Ideas

In a COVID-divided world, how to avoid 'drift into a new normal'

In November, a virtual gathering of policy makers, academics, business leaders and civil society from around the world discussed how to "build back better" in the wake of COVID-19 amidst vaccine nationalism, isolationism, rising poverty and unequal access to health care.

Local, more inclusive government, transgenerational approach keys to bridging divides

A masked man reads a newspaper while walking in downtown Vancouver. In November, a virtual gathering of policy makers, academics, business leaders and civil society discussed how to "build back better" in the wake of COVID-19. (Ben Nelms/CBC)

Vaccine nationalism. Isolationism. Rising poverty and unequal access to health care. 

The Coronavirus era has already left its mark on the global stage, dividing the world in ways so stark you can easily trace them on the world map.

There's been a lot of talk about how to "build back better," the opportunity for a "reset," the need to dispense with the status quo. But how practically can all this be done on a global scale?

The Victoria Forum — a gathering of policy makers, academics, business leaders and civil society that addresses the day's most pressing challenges — considered these questions over three days of virtual meetings in November 2020.

This year's version was jointly hosted by the University of Victoria and the Senate of Canada.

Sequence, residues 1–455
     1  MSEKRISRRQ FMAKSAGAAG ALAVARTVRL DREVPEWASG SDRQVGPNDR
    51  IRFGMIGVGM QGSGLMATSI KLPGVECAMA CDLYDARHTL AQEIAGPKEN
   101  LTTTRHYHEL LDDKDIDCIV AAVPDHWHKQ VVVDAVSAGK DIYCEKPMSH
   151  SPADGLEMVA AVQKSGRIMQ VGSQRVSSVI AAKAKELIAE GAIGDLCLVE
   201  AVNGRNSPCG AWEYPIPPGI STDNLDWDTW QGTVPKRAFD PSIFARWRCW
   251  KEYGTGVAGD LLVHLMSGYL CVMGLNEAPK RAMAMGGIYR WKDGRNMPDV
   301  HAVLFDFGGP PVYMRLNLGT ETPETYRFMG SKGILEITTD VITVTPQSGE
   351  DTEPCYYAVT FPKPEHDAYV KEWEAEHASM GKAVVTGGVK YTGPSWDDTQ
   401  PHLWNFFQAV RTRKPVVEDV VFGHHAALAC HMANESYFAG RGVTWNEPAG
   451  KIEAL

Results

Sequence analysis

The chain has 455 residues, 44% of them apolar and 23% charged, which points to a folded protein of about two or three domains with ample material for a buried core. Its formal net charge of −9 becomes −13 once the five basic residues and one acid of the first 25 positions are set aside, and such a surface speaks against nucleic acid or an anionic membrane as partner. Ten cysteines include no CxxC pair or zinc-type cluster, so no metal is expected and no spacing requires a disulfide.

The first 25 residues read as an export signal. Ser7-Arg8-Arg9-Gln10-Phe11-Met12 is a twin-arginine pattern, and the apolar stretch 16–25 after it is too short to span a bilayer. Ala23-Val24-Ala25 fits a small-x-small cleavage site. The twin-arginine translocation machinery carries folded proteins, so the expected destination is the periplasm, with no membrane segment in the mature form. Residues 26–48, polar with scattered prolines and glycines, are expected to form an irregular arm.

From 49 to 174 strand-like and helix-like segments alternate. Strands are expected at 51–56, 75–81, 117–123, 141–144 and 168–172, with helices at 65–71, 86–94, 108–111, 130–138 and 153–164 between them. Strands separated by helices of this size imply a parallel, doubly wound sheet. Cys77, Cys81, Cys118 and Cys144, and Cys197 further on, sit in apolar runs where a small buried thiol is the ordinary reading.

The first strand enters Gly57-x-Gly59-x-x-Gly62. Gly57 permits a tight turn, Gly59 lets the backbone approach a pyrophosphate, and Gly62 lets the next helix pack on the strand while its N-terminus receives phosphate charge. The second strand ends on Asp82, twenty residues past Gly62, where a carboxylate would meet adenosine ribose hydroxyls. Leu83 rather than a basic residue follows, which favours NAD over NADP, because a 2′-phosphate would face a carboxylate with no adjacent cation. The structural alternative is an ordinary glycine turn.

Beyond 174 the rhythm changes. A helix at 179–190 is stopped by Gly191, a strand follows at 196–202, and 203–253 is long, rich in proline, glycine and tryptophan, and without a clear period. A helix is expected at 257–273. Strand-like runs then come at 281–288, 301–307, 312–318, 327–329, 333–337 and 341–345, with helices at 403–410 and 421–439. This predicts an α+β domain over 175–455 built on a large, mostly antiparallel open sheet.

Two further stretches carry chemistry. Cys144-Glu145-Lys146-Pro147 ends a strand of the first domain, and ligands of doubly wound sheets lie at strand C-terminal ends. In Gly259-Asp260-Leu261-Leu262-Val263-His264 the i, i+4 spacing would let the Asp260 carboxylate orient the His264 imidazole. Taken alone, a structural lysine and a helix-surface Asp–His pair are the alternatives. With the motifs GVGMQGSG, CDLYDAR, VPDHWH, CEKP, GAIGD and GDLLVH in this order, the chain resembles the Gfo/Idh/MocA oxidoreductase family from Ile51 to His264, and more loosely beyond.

The forum started with an opening plenary moderated by CBC Ideas host Nahlah Ayed.

It featured Akinwumi Adesina, president of the African Development Bank group, who was in Abidjan in Côte D'Ivoire, Hakima El Haité, the 14th President of Liberal International and former minister of environment in Morocco, who was in Rabat, Morocco, and Ontario Lt. Governor Elizabeth Dowdswell, who was in Toronto.

What follows are excerpts from their opening remarks, edited for length and clarity.

Akinwumi Adesina, president of the African Development Bank Group
Abidjan, Côte D'Ivoire

African Development Bank President Akinwumi Adesina says that the divide between nations when it comes to labour and healthcare must be addressed. (Michele Tantussi/Reuters)

There's a huge divide in the global health care systems and the capacity to contain the pandemic. Africa had a very weak health care system before the [pandemic] started — the continent had an average of just nine hospital beds per ten thousand people, two equipped labs for COVID-19 tests and an average of 20 physicians per ten thousand people.

Now think of that in terms of developed countries. They had 10 times [the] number of physicians and nurses, and they spend 60 times per capita on health. The pandemic without any doubt has stretched Africa's health care systems beyond their limit.